Loving Your Neighbor as Yourself (Part 1)
February 7, 2010
NOTE: THE ME/WE/GOD/YOU/WE FORMAT IS FROM ANDY STANLEY'S BOOK, "COMMUNICATING FOR A CHANGE."
We’ve been talking since the beginning of January about the two greatest commandments, and specifically about what Jesus says is the most important commandment of all – to love the Lord with all your heart and with all your soul, and with all your mind and with all your strength.
And as we continue to journey into what we’re calling “The Year of the Family,” I wanted to bring home to you the truth that I’ve hammered on since we began, and that is that we love others best when we love God the most.
But the question that comes up from that point is just how we do that? How do we love others and more specifically, how do we love our neighbor as ourselves, like Jesus says to do and which He says is the second greatest commandment?
I think all of us struggle from time to time with putting ourselves ahead of others, even spouses and children.
Right? Please tell me I’m not the only one!
But Jesus says that we need to be intentional about putting ourselves aside for the sake of others, especially our families and those who belong to the family of God.
It’s hard to do because one of the things the world has drilled into us is to look out for number one.
So how can we go about that?
God: Jesus has some things to share with us about that.
In our passage today He talks a bit of the underlying attitude that we have to have in order to love others as we should.
Next week we’re going to look at another passage that kind of lends itself to the “how to” idea of loving others.
But today we’re looking at the heart issue.
We’re in Luke 10:25-37 (p. 735)as we look at one of the most famous parables Jesus ever told. (Ignore the Mark 12:30 in your note-taking guide as we won’t be using it).
25 On one occasion an expert in the law stood up to test Jesus. "Teacher," he asked, "what must I do to inherit eternal life?"
26 "What is written in the Law?" he replied. "How do you read it?"
27 He answered: "'Love the Lord your God with all your heart and with all your soul and with all your strength and with all your mind'; and, 'Love your neighbor as yourself.'"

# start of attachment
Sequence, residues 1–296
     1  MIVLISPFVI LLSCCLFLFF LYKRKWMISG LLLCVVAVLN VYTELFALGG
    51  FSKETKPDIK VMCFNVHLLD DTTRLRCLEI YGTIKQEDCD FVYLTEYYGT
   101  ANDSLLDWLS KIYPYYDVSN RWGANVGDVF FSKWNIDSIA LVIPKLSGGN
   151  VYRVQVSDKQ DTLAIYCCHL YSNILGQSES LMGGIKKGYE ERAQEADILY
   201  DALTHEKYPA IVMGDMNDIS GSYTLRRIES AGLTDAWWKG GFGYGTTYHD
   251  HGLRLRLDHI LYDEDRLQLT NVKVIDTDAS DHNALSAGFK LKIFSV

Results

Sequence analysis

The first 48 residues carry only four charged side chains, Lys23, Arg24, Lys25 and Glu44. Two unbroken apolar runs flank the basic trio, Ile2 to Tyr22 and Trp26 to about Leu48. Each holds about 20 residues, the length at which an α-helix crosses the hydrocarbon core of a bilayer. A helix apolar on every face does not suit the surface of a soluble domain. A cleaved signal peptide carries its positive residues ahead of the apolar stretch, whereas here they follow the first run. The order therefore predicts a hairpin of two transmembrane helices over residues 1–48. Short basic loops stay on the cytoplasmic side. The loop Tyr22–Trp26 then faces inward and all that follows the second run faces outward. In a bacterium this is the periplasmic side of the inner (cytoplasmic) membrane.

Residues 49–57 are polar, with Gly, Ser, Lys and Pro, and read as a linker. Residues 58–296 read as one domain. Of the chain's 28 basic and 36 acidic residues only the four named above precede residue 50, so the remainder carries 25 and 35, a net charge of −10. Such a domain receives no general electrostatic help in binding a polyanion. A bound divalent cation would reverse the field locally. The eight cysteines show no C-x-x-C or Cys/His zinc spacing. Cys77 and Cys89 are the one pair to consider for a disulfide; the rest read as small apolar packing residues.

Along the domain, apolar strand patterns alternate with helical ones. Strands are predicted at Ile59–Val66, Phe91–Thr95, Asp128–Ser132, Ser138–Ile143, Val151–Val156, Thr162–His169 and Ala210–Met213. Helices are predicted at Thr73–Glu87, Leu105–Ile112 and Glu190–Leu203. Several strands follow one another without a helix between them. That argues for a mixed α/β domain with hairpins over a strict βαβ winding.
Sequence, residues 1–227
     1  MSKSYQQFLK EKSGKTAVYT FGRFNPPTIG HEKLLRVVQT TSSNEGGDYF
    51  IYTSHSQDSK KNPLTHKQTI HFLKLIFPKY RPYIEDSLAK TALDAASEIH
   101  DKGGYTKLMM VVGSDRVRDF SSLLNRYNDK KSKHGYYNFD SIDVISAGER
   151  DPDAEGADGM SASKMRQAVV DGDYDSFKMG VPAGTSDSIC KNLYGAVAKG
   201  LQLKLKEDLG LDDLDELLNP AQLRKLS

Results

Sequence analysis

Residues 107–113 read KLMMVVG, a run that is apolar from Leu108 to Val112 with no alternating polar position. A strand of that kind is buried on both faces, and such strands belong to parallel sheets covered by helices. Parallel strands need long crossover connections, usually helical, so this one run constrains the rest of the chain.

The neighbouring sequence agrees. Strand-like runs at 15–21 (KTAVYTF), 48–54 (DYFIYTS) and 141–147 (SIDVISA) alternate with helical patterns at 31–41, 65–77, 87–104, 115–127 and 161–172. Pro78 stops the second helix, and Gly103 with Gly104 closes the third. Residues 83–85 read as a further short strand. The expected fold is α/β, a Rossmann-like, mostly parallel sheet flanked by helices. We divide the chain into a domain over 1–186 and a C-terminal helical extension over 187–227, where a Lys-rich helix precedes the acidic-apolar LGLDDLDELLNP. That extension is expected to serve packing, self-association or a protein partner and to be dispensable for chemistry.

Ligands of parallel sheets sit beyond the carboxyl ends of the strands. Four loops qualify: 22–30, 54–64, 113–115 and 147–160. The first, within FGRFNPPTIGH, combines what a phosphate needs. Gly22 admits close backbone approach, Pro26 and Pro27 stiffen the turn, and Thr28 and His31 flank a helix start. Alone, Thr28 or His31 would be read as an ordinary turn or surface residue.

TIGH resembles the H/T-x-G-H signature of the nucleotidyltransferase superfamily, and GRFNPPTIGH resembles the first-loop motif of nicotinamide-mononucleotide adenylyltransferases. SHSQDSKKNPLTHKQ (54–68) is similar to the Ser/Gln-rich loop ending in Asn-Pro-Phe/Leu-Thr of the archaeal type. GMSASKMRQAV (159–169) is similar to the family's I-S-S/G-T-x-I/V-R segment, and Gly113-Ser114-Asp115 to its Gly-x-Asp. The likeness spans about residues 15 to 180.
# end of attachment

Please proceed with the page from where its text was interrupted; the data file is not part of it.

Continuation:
Did you notice who does the asking here and who does the answering here? In this passage, Jesus isn’t the one quoting the greatest commandment, the lawyer is.
This is an indication that this is actually a separate conversation than the one we’ve been quoting from these last few weeks.
Let’s go on.
28 "You have answered correctly," Jesus replied. "Do this and you will live."
29 But he wanted to justify himself, so he asked Jesus, "And who is my neighbor?"
Isn’t this typical? We all try to do that from time to time, and I think that that’s one of the reasons this is here – to show us that once again, Scripture addresses the stuff that you and I go through, and the stuff that you and I try to pull when it comes to trying to get out of obeying God.
30 In reply Jesus said: "A man was going down from Jerusalem to Jericho, when he fell into the hands of robbers. They stripped him of his clothes, beat him and went away, leaving him half dead. 31 A priest happened to be going down the same road, and when he saw the man, he passed by on the other side. 32 So too, a Levite, when he came to the place and saw him, passed by on the other side.
The religious leaders pass by. The ones who should be modeling compassion and mercy deliberately ignored the man.
Confession time. I was one of these guys. I’m ashamed of it, and if I had the opportunity again, I’d jump on it.
I won’t get into details, but there was an occasion when I passed by when I should have stopped because I was afraid it was a trick. Not proud of, but there it is.
Then Jesus continues, but all of a sudden it’s not just a story anymore, because He introduces a character that no one listening in the crowd would have guessed at:
33 But a Samaritan, as he traveled, came where the man was; and when he saw him, he took pity on him.
Stop here for a minute. Most of you are probably aware of this, but for those like me who didn’t grow up with a Bible background, let me explain something.
You couldn’t find a people group that the Jews hated more than the Samaritans, except maybe the Gentile Romans.
The Samaritans were considered “half-breed Jews” and had rejected many of the beliefs of the Old Testament Scriptures and practices.
They couldn’t think of a Samaritan actually helping a Jew. And now Jesus has their attention.
34 He went to him and bandaged his wounds, pouring on oil and wine. Then he put the man on his own donkey, took him to an inn and took care of him. 35 The next day he took out two silver coins and gave them to the innkeeper. 'Look after him,' he said, 'and when I return, I will reimburse you for any extra expense you may have.'
36 "Which of these three do you think was a neighbor to the man who fell into the hands of robbers?"
37 The expert in the law replied, "The one who had mercy on him."
Jesus told him, "Go and do likewise."
Here’s a question for you: Why didn’t Jesus tell the parable of the Good Jew?